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author:("Singh, ladji")
1.  Unique Case Reports Associated with Ovarian Failure: Necessity of Two Intact X Chromosomes 
Case Reports in Genetics  2012;2012:640563.
Premature ovarian failure is defined as the loss of functional follicles below the age of 40 years and the incidence of this abnormality is 0.1% among the 30–40 years age group. Unexplained POF is clinically recognized as amenorrhoea (>6 months) with low level of oestrogen and raised level of Luteinizing Hormone (LH) and Follicle Stimulating Hormone (FSH > 20 IU/l) occurring before the age of 40. It has been studied earlier that chromosomal defects can impair ovarian development and its function. Since there is paucity of data on chromosomal defects in Indian women, an attempt is made to carry out cytogenetic evaluation in patients with ovarian failure. Cytogenetic analysis of women with ovarian defects revealed the chromosome abnormalities to be associated with 14% of the cases analyzed. Interestingly, majority of the abnormalities involved the X-chromosome and we report two unique abnormalities, (46,XXdel(Xq21-22) and q28) and (mos,45XO/46,X+ringX) involving X chromosome in association with ovarian failure. This study revealed novel X chromosome abnormalities associated with ovarian defects and these observations would be helpful in genetic counseling and apart from, infertility clinics using the information to decide suitable strategies to help such patients.
doi:10.1155/2012/640563
PMCID: PMC3447217  PMID: 23074690
2.  Paternally derived translocation t(8;18)(q22.1;q22)pat associated in a patient with developmental delay: Case report and review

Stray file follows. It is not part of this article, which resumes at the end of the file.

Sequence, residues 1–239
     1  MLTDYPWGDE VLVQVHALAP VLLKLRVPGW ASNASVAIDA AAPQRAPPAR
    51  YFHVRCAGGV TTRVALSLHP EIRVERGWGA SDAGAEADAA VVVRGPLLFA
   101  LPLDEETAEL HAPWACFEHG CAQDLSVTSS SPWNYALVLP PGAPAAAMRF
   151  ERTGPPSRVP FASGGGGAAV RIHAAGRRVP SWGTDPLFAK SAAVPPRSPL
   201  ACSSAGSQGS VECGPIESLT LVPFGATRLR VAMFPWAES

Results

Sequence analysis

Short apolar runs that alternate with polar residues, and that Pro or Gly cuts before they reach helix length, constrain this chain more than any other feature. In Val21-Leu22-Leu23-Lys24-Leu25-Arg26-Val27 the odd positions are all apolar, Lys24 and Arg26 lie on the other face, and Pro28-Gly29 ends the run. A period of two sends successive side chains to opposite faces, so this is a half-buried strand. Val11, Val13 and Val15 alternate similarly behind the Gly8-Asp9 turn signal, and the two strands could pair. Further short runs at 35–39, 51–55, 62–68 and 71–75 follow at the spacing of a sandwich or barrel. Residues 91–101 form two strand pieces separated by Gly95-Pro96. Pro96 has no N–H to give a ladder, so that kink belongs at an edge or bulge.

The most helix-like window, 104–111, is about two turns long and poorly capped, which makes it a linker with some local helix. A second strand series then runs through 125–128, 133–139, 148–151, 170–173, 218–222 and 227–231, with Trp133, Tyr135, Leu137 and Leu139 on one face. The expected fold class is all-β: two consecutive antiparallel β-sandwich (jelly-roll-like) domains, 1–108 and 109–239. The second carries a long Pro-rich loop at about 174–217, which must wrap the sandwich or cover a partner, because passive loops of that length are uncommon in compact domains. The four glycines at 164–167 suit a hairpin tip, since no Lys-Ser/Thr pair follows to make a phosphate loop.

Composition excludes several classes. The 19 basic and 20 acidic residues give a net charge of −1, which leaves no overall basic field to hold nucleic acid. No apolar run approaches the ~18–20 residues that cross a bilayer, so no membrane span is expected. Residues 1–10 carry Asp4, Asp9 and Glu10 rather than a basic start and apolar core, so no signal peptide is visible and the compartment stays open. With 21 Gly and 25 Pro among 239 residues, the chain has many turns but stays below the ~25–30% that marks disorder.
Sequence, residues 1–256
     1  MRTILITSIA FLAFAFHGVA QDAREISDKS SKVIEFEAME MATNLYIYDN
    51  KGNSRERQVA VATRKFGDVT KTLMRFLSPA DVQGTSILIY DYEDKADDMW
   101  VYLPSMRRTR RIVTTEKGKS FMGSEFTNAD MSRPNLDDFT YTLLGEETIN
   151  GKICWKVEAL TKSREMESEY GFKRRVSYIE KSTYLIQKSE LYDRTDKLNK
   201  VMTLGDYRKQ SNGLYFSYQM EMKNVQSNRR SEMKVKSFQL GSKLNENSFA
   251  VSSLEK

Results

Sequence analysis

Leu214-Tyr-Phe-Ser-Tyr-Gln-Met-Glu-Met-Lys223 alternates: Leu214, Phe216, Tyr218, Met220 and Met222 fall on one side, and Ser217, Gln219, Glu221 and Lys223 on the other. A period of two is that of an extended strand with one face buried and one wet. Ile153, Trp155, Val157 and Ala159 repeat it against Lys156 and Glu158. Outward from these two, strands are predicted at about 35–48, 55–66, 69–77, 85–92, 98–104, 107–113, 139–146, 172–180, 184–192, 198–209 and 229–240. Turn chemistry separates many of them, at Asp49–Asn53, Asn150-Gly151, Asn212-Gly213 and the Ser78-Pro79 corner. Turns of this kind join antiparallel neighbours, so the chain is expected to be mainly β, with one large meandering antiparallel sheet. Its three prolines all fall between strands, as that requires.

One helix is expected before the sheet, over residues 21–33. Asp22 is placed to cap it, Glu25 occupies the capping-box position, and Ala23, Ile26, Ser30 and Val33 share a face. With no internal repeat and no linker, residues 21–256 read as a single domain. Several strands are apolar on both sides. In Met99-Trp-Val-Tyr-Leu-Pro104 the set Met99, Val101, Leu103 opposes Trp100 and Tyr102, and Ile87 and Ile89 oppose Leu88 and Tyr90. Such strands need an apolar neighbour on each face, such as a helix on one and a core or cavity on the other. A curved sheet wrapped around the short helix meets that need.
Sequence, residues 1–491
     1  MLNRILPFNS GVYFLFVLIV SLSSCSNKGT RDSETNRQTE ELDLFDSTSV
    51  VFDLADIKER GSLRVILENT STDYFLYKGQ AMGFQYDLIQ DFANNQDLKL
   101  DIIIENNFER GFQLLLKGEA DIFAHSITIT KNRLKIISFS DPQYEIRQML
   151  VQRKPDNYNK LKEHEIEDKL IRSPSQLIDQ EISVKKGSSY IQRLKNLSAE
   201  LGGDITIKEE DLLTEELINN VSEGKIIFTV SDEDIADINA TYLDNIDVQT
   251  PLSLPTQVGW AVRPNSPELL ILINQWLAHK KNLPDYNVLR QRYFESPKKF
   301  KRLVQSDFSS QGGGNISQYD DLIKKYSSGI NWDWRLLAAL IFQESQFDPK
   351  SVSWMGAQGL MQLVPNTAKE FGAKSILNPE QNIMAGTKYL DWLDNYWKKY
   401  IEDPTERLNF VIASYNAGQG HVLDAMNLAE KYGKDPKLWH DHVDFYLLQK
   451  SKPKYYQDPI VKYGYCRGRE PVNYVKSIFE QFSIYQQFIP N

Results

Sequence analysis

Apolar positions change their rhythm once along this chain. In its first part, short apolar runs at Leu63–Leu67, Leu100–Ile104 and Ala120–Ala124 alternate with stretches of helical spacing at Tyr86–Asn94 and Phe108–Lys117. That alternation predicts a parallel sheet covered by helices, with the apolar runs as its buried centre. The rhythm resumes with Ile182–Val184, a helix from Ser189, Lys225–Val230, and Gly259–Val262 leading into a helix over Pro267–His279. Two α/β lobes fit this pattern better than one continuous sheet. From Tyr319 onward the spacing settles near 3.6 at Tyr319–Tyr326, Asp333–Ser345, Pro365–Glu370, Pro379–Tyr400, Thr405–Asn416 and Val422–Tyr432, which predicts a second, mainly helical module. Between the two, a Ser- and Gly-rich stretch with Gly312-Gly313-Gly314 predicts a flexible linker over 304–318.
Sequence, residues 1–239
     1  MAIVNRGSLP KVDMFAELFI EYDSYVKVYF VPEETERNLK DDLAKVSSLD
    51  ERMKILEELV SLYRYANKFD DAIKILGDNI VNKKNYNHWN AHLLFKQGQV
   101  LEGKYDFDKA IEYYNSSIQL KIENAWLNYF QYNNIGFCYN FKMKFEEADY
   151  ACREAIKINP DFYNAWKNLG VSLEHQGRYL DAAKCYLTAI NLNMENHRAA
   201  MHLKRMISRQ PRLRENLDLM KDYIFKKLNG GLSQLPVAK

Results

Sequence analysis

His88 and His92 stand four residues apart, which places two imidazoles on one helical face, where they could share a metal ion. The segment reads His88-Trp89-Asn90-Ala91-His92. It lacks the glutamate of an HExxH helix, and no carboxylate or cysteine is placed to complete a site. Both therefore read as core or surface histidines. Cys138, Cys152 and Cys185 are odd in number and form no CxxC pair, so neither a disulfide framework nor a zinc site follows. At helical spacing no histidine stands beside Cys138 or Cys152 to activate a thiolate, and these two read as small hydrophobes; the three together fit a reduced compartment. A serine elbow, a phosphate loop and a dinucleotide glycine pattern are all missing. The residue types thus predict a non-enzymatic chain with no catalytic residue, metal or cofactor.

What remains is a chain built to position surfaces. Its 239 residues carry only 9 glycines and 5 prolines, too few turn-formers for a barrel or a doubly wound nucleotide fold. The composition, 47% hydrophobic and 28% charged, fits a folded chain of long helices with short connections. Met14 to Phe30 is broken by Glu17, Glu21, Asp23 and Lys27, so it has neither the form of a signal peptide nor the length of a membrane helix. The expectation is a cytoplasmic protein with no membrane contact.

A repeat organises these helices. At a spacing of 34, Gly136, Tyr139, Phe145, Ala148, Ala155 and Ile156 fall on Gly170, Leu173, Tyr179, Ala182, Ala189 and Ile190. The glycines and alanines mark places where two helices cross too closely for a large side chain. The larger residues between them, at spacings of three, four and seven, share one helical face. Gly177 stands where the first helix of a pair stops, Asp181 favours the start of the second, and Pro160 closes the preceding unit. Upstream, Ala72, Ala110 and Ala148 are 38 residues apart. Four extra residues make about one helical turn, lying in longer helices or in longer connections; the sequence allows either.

The common cause of mental impairment and the wide range of physical abnormalities is balanced chromosome rearrangement. As such, it is difficult to interpret, posing as a diagnostic challenge in human development. We present a unique familial case report with the paternally inherited autosomal-balanced reciprocal translocation involving chromosomal regions 8q and 18q. The etiology of the translocation, i.e. 46,XX,t(8;18)(q22.1;q22) was detected by conventional high-resolution Giemsa–Trypsin–Giemsa-banding and fluorescence in situ hybridization techniques. The father was found to be the carrier of the chromosome defect and also the same was observed in the first female child referred with a history of delayed milestone development. However, the second female child showed normal 46, XX karyotype. This is the first report of reciprocal translocation involving 8q and 18q associated with the delayed milestone development. The reason likely may be due to the rearrangement of genetic material at these breakpoints having a crucial relationship and thus manifesting developmental delay in the progeny. Accordingly, this paper also shows genetic counseling discussion for the cause.
doi:10.4103/1817-1745.66686
PMCID: PMC2964802  PMID: 21042514
Balanced reciprocal translocation; chromosomes 8 and 18; delayed milestones; Giemsa–Trypsin–Giemsa banding and FISH; translocation carrier

Results 1-2 (2)